Three Design Conditions of Thomas Aquinas

The concept of design entered new arenas in contemporary society. Design in traditional fields, like architecture, has clearly changed as exemplified by modern architectural feats. And design has entered areas that didn’t even exist years ago, like web design. With new developments and changes in culture, design demonstrates those change. However, there are some principles of design that go back hundreds of years and more.

Thomas Aquinas was a priest, theologian, and philosopher in the 13th century. But this medieval thinker was incredibly insightful and offers some principles that can be applied to contemporary design.

He formulates them as three conditions of beauty. Beauty, he defines, is that which pleases when seen. The word ‘seen’ carries with it more the idea of contemplation than a casual glance. Beauty, to be appreciated, requires thought. We want to spend time thinking and examining things we find pleasing, things that are beautiful and well-designed.

The first principle is proportion. This involves composition; there must be balance and harmony. People might  have different ways of ordering things, but people delight in order and harmony, rather than disorder and chaos, especially for design. A poorly designed website—where you can’t find anything—is not pleasing. There are many ways to order something, but it should make sense. Good design presents harmony, order, or proportion. And all of the parts must fit together with each other. Thus, balance should be present.

The second principle is wholeness or integrity. This carries the idea that an object has everything important to its essence; in other words, it is not lacking anything it needs. A dog ought to have four legs, according to its nature, not three or five. When it comes to design, this might not be as specific as the number of legs a dog should have. But we still occasionally have a sense that something is missing from an object or another object is too busy or complicated. A good designer will be able to know the middle ground (or mean) between excess and deficiency.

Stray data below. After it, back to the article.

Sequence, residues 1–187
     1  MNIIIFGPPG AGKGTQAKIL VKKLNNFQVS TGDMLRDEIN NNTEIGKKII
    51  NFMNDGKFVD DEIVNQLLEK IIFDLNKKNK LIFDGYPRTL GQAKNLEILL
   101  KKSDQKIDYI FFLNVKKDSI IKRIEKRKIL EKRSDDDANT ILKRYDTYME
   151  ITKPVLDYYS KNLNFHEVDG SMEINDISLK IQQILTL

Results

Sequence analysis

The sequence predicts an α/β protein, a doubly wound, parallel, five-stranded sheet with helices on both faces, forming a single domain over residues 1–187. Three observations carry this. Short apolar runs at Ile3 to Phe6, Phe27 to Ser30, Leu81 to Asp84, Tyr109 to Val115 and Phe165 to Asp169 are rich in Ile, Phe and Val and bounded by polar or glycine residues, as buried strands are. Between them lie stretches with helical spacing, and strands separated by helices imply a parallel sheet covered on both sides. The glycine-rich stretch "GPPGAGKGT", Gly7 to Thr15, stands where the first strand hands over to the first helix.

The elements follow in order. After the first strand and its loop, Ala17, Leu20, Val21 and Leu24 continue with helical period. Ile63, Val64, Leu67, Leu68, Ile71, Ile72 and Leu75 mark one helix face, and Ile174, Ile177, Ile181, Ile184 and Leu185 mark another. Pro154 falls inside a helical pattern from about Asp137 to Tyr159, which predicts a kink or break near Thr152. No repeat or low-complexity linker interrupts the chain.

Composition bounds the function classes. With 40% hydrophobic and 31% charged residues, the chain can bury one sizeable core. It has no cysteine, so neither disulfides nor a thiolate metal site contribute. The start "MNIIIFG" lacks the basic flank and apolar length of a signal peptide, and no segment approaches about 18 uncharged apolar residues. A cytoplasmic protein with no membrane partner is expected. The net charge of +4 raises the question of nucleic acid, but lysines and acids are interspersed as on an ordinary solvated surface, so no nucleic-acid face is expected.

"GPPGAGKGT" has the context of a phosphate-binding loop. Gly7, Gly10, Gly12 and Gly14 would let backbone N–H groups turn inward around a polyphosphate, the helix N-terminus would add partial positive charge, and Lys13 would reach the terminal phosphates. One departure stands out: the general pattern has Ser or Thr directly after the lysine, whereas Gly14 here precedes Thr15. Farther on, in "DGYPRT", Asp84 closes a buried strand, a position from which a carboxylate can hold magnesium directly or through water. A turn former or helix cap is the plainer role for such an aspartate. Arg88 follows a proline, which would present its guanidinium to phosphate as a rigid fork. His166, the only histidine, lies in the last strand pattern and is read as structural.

The third principle is radiance. Radiance is the most ambiguous of the three, but it might be the one trait that is most important for beauty. We have all seen things that manifest proportion and wholeness, yet we are not drawn to those objects. Radiance is the quality of an object that makes us want to continue perceiving it. The image Aquinas has in mind here is light. A radiant object shines before us. This doesn’t necessarily have to be actual light. Radiance might involve real light, but it is also metaphorical for the quality that captures our attention and holds onto it.

Aquinas presented these three as conditions of beauty, but I believe they could be conditions (or principles) of design more generally. Good design involves aesthetics. Since people already consider these three principles (perhaps, using different terminology), I thought it might be helpful to show that certain design principles have roots back to the medieval period.

For Further Reading:

Umberto Eco, The Aesthetics of Thomas Aquinas, Harvard University Press, 1988.

Etienne Gilson, The Arts of the Beautiful, Dalkey Archive Press, 2000.

Christopher Scott Sevier, Aquinas on Beauty, Lexington Books, 2015.

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